Meanwhile, In New York.

Meanwhile, In New York:

The man slumped against the desk where he kept his monitor and looked around the room. It was a mess, and he had to do something about it. He could not leave it that way. Not for lots of reasons. What would customers think, if they came in and saw a messy shop? That he was one of those grab-and-hack purveyors, that’s what they’d think, and would not pay top dollar. What was the point of staying up all night cutting and sewing pieces of bodies together and then reanimating them for a few dollars? No point, that’s what.

Plus government officials might come in. He’d thought the revenant and his men were government officials in the first place. They drove gasoline powered vehicles, for one thing. That was something only soldiers or government officials did, anymore. IF government officials came in here and saw the scattered parts of the men he’d used to try to reassemble the old guy, the blood, the ray gun scorch marks, they’d start investigating and he didn’t need that.

Plus it wasn’t right to have this mess in front of the Display.

But he couldn’t clean it up now. He had to get upstairs and open the diner for the day. It was nearly 7 a.m. and people would be expecting their breakfasts. He sighed and stood up, walked over to the Display’s cabinet and looked at it, glittering and sparkling and seeming almost alive the way the light played along the thousands of little chips sculpted into the shape of a beautiful woman, reaching up, reaching towards Heaven, where the man sent the souls of the women he’d taken and turned …

… turned. That was where he left it.

He reached out a hand, held it just alongside the face of the Display, almost as though he was about to caress its cheek. But he didn’t touch it. He knew he was not worthy enough to touch the Display.

He wondered where she had gone, the one that looked like this.

“You’re quite an artist,” a voice said behind him.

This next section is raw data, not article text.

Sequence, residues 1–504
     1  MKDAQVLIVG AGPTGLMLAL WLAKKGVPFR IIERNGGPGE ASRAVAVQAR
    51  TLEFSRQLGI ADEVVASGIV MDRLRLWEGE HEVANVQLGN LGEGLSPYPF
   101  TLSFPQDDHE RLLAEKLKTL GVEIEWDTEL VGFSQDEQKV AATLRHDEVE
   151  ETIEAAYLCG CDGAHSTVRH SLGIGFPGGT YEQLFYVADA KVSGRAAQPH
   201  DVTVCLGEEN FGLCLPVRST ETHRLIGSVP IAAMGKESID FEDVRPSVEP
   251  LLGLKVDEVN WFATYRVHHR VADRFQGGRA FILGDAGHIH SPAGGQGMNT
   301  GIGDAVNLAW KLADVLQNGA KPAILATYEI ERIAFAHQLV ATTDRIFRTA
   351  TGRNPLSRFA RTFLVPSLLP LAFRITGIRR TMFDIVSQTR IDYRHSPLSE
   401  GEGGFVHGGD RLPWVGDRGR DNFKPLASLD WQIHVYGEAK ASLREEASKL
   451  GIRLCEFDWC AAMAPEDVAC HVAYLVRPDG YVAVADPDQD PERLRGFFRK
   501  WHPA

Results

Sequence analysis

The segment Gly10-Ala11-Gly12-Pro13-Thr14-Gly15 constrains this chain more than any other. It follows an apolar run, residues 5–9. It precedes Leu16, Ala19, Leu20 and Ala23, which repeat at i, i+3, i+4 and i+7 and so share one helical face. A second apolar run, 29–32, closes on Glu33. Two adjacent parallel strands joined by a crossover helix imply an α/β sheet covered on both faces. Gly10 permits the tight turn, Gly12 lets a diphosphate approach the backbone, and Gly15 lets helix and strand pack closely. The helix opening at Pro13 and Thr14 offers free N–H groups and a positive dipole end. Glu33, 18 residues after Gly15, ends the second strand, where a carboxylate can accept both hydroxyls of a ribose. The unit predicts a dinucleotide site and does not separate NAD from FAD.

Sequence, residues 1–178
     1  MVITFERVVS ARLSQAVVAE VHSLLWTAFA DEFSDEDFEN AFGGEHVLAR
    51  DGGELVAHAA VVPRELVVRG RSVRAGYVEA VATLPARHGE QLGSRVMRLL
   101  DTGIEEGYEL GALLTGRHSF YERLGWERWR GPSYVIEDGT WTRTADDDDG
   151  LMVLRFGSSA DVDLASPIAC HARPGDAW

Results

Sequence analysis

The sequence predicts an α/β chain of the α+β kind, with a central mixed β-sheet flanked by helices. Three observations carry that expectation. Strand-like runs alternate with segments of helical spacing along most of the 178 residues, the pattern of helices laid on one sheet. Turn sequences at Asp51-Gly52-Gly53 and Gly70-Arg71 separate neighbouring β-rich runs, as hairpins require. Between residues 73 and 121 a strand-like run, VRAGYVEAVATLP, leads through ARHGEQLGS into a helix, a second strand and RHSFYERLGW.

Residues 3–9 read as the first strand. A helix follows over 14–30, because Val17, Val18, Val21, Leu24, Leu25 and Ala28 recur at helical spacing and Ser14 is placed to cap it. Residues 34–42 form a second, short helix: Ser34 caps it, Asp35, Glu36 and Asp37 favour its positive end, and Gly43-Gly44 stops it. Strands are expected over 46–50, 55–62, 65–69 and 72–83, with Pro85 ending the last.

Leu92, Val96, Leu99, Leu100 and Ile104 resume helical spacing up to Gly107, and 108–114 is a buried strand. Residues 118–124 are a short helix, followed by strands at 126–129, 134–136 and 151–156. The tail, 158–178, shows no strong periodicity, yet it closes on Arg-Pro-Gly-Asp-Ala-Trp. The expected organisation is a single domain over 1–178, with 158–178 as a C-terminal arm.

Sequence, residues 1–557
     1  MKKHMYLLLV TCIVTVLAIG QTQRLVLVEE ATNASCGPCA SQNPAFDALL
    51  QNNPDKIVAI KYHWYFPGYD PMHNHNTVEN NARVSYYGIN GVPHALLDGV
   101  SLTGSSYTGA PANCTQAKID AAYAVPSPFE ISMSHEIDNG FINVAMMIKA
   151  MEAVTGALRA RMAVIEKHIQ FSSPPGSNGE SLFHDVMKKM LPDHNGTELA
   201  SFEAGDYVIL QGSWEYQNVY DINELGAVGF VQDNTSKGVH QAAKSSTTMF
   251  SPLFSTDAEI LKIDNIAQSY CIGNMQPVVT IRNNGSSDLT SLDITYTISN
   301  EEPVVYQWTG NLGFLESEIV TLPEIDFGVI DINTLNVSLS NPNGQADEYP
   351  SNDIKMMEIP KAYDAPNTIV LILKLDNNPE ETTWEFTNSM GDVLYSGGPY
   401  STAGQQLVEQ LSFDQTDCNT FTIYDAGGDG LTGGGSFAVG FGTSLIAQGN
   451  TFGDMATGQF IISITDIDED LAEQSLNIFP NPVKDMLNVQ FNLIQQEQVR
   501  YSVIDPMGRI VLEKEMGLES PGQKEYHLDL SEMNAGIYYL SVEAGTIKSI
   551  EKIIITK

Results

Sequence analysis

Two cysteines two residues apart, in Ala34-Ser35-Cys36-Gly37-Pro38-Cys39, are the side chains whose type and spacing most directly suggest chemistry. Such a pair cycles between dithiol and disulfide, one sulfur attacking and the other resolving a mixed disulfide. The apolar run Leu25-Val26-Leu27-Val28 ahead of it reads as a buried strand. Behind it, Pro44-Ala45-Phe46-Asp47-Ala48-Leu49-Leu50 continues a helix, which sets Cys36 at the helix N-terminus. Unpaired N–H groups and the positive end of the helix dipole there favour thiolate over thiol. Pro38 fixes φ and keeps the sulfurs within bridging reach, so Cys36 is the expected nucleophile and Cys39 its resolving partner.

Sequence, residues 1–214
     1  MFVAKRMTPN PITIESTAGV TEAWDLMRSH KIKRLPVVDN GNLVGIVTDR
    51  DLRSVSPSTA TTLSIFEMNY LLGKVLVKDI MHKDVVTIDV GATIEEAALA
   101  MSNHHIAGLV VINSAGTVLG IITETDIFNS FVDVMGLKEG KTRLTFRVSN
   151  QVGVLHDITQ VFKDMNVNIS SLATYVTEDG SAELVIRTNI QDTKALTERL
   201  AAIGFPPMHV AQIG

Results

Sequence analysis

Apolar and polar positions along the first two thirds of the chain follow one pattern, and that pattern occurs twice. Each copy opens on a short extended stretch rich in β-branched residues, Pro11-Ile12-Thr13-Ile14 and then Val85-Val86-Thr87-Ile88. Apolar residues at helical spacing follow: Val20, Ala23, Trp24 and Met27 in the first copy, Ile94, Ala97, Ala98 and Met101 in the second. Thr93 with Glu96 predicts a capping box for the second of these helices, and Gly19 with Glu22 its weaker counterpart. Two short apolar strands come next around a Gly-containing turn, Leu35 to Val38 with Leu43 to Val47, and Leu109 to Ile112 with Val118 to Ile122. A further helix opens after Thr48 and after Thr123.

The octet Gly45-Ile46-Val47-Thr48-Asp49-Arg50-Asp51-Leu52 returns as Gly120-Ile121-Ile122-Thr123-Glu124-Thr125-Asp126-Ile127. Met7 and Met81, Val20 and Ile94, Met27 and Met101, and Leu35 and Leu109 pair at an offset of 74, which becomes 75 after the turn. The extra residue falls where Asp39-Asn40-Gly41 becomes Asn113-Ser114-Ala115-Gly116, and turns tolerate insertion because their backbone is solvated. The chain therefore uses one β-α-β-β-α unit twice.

The man jumped, startled, and turned around. He had been surprised, but was not scared by the voice because he recognized it.

“Lieutenant,” he said, and put his tired hand up in a salute. There was blood on his arm and he was exhausted.

“At ease. We’re not in the service anymore, are we?” Samson stepped to one side, gently pushed the man to the other so that he could see the Display. “Did you do this?”

“Yes,” the man said.



Samson reached out a hand, but he, too, did not touch the chips. He wiggled his fingers a few inches from it. “Looks 3-D but it’s not, is it? That’s excellent work.” He turned back to the man. “I knew you had it in you way back when, didn’t I? I told you you could do this and you did it.”

“You were right,” the man said.

“Making you a lot of money?”

“Yes, sir.”

“And you use the diner for cover?”


“Good. Nobody’s suspicious? Nobody’s found you?”

The man wondered if he should tell Lieutenant Samson about the revenant. The revenant had sworn that he would know if the man talked about him at all, that he’d find out instantly, had said I can read your thoughts, you know, and the man wondered if that could be done, could be done from far away, that is. He worried that it could.

“Nobody,” he told Samson.

“Nobody except the revenant. Steve. Is that right?”

The man bit his lip.

“I’m not reading your mind. I know he’s found you, though. I know what he had you do. Did it work?”

The man tried desperately not to think about anything the revenant would be able to read and nodded his head once.